In this series exploring emotions and emotional expression, we will be focusing in on the many emotions human beings experience in their daily lives. We will insha’Allah begin to answer some key questions related to our emotions. How and when should we express our emotions? What does emotional regulation look like as a Muslim? What examples from the life of the Prophet (SAW) and the Qur’an do we have to turn to when it comes to emotional intelligence?

For now, take a moment to reflect on Verse 43 in Surat An-Najm, where Allah (SWT) says: “And that it is He [Allah] who makes [one] laugh and weep.”

For what purpose do you laugh or weep? What things in your life bring about these expressions of emotion? Would these expressions be pleasing to Allah (SWT)?

Ask yourself: Will my tears or laughter be witnesses for me or against me in front of Allah (SWT) on the Day of Judgement?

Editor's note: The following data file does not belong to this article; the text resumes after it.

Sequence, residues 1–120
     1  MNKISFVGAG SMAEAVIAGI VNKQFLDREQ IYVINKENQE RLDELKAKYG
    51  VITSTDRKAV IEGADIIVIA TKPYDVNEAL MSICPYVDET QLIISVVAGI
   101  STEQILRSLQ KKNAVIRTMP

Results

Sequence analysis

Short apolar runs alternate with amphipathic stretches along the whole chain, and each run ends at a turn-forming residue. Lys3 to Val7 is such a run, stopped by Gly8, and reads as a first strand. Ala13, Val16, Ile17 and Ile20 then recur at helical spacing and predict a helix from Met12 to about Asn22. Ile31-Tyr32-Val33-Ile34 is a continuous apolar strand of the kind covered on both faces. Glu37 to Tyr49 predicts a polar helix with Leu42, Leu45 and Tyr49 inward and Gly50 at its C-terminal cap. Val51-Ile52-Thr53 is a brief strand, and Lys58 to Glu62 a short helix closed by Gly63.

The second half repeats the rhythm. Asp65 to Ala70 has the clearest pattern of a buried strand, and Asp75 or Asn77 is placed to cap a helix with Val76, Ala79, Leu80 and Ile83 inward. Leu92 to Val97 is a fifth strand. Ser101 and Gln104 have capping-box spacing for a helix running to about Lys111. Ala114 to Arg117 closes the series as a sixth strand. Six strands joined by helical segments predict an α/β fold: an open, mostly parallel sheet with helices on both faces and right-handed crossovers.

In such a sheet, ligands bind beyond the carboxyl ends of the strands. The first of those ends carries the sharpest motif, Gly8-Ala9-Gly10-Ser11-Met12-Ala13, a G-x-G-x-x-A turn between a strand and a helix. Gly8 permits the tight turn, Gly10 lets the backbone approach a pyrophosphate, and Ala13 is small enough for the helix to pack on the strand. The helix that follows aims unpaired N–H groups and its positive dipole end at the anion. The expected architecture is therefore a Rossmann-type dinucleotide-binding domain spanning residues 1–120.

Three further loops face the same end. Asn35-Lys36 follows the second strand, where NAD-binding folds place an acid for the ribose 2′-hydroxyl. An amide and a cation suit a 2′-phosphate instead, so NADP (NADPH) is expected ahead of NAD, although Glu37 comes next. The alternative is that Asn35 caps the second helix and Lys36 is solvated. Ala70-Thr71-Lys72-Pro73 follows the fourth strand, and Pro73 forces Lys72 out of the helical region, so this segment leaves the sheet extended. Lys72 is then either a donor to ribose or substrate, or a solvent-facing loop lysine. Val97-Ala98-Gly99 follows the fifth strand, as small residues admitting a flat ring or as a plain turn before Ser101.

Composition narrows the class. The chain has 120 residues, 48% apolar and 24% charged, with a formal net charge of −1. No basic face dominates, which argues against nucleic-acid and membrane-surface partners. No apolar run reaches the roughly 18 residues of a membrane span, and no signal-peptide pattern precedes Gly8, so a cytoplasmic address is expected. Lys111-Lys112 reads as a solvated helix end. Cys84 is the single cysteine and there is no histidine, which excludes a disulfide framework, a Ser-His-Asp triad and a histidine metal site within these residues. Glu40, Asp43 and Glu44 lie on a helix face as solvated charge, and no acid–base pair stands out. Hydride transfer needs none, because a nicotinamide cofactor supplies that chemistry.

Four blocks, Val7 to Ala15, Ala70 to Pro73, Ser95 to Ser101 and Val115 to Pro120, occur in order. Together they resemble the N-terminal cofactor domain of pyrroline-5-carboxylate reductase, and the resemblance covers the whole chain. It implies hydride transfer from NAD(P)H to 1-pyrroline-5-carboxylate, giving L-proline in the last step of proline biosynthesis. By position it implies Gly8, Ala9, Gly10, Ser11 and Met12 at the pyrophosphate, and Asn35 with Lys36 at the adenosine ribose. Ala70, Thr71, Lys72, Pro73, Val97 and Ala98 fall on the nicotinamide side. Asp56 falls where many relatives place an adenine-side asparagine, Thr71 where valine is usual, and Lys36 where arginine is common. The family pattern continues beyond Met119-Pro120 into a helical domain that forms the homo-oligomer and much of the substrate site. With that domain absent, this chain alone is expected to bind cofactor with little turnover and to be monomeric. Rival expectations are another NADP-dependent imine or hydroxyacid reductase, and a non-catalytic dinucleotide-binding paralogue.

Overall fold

November 4, 2019 0

Camp Sunnah is the greatest week-long experience I have ever had the opportunity to be a part of. I have never been for Hajj or Umrah and Insha’Allah I will get the chance to someday, but I expect to experience something similar to what I went through at CS. In terms of what you are a part of and what you go through physically, mentally and spiritually it is comparable to the best month of the year, Ramadan. Now you may wonder why does a camp get such high praise and how could you ever equate it to the most sacred journeys in Islam. The answer is very simple and it is part of the name too, “Sunnah”. That in essence is what we tap into and what we experience in this special journey.